Project Dates: 2011 – 2017


Benin, like other low- and middle-income countries, continues to face challenges in the delivery of pharmaceutical services. Operational gaps include weaknesses in institutional and human-resource capacity to manage commodities, lack of logistics information, and lack of capacity to monitor medicine availability and use. These gaps contribute to the proliferation of substandard and falsified medicines, stock-outs and overstock of commodities, and inappropriate use of medicines with negative consequences on health outcomes.

Following the 2014 outbreak of Ebola in West Africa, USAID’s mission in Benin requested that SIAPS Program provide technical assistance to the Ministry of Health to improve pharmaceutical management.

SIAPS’ technical assistance started with a multistakeholder consultative, nationally representative public health supply-system assessment. Findings and stakeholder-endorsed recommendations from this assessment informed USAID’s selection of priority areas to be addressed by SIAPS.

Project Highlights

  • Strengthened the medicine registration process: SIAPS supported the Pharmacy Department (DPMED) in strengthening the medicine registration process and the information management system. They provided equipment to optimize the existing electronic medicine registration tool and enhanced the efficiency of the process. SIAPS then assisted DPMED in processing a huge backlog of registration applications. An assessment of DPMED informed the course of action focusing on functionality and optimization of the existing electronic tool for registration for medicines and its related SOPs.
  • Engaged in capacity building to improve pharmaceutical service delivery: SIAPS supported the MOH in establishing guidelines for quantification of Ebola products and supported DPMED and the National Directorate for Public Health (DNSP)to finalize the Ebola standard operating procedures manual.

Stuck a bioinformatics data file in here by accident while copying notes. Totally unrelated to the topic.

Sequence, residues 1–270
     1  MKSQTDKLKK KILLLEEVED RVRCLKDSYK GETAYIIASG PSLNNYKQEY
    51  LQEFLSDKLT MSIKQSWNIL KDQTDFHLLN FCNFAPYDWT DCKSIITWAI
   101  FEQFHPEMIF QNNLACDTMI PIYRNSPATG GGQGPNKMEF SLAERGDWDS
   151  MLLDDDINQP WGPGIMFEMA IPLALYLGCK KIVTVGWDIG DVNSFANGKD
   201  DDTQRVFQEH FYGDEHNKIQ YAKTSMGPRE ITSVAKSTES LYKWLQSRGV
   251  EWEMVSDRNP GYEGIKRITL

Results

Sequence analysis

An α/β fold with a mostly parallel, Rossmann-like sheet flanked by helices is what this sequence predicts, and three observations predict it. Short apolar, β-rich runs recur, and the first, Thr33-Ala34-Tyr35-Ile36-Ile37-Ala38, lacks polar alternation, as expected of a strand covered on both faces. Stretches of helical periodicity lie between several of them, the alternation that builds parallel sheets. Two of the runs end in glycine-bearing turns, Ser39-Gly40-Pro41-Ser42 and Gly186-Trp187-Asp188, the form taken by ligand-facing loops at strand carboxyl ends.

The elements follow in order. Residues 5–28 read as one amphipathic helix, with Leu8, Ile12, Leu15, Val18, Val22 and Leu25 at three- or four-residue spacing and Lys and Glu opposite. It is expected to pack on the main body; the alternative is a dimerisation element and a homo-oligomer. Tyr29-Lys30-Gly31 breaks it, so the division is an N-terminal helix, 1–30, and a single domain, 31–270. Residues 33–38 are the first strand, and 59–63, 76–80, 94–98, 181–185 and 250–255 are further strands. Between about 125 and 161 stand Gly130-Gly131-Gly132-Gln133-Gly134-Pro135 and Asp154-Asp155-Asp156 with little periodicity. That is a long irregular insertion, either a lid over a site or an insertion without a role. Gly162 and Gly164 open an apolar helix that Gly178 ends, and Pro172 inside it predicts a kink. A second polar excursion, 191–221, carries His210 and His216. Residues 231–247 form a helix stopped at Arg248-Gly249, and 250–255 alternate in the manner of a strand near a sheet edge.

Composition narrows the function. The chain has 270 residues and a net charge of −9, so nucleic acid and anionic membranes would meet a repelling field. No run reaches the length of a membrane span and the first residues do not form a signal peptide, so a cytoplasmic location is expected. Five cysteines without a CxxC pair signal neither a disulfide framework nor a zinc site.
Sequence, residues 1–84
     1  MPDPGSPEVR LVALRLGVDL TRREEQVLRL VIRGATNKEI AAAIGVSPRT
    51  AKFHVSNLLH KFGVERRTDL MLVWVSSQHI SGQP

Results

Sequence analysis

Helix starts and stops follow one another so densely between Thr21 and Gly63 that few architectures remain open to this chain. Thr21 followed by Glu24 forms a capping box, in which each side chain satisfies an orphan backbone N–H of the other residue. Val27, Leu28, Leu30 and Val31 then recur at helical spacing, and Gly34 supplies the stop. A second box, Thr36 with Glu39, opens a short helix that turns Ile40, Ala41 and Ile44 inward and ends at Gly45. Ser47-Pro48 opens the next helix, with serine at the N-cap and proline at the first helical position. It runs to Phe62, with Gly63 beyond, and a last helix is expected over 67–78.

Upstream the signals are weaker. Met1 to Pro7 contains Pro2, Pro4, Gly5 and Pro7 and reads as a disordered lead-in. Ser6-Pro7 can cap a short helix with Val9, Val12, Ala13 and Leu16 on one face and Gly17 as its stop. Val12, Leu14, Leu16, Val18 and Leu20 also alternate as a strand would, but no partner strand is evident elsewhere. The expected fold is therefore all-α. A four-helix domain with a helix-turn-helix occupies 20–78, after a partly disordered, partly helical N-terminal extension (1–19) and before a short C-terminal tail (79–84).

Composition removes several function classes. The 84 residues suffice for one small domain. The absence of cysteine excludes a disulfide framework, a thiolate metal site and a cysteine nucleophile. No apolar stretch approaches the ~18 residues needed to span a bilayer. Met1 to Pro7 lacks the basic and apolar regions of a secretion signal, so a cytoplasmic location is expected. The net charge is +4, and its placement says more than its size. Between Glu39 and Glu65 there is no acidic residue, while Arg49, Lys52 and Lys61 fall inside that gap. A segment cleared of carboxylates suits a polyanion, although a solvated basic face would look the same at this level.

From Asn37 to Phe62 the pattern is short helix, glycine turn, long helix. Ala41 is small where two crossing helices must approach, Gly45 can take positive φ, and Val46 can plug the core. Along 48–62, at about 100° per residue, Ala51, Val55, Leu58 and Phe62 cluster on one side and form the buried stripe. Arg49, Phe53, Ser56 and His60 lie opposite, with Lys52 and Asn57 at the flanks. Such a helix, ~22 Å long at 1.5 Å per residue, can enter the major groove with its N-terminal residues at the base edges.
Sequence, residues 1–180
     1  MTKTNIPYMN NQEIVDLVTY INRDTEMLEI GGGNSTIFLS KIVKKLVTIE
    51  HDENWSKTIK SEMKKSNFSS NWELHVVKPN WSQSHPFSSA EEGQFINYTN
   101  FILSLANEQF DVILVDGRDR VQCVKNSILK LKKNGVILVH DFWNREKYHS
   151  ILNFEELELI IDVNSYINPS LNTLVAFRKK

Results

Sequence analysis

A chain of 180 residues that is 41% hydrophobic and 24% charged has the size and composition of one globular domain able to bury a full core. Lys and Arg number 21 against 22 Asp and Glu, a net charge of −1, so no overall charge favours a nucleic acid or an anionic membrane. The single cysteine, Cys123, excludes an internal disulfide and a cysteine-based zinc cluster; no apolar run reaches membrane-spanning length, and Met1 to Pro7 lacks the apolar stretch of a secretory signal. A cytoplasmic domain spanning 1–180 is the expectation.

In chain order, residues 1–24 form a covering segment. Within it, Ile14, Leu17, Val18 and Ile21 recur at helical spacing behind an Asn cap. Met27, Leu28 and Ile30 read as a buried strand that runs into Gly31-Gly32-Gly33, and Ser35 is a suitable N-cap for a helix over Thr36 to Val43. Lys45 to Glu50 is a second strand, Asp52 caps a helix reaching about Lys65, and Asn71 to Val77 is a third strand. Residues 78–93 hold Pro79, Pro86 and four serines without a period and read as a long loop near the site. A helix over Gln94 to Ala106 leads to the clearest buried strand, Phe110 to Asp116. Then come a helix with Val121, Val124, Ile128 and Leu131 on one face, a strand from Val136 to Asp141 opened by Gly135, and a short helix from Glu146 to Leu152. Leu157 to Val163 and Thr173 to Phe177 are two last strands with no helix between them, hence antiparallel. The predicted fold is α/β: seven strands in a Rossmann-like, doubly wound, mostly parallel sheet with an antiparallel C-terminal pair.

• Analyzing stock availability of malaria commodities: SIAPS supported end user verification surveys to track and report on the availability of malaria health commodities, medicines, and rapid diagnostic tests (RDTs). Survey findings in 2016 showed that 15% of visited health facilities had stock-outs of RDTs on the day of the visit, and 18% experienced 3 days or more of stock-outs for this product during the previous 3 months.
  • Improved logistics: SIAPS conducted training workshops in collaboration with the DNSP on the new Ebola logistics SOPs and also developed a training manual on using LMIS tools. Trainees included store managers and other health professionals; 42 staff from 34 health districts were trained.


  • The five-year (2016–2020) strategic plan for supply chain management was finalized along with budgeted implementation cost in coordination with DPMED.
  • The legal status of the zonal depots was approved by MOH.
  • The National Quantification Committee for Ebola Commodities was established, which undertook the quantification. In addition, a standard list of Ebola commodities and the SOPs manual for the management of Ebola and other viral hemorrhagic fevers were developed.


SIAPS implemented Ebola-related activities through support to the DPMED, DNSP, and the National Medical Stores and provided technical assistance to strengthen the pharmaceutical system for emergency situations. Boosting pharmaceutical supply and delivery resilience has contributed to the preparedness for, prevention and detection of, and response to emerging disease threats. The bolstered system improved its response to the recent outbreak of Lassa fever.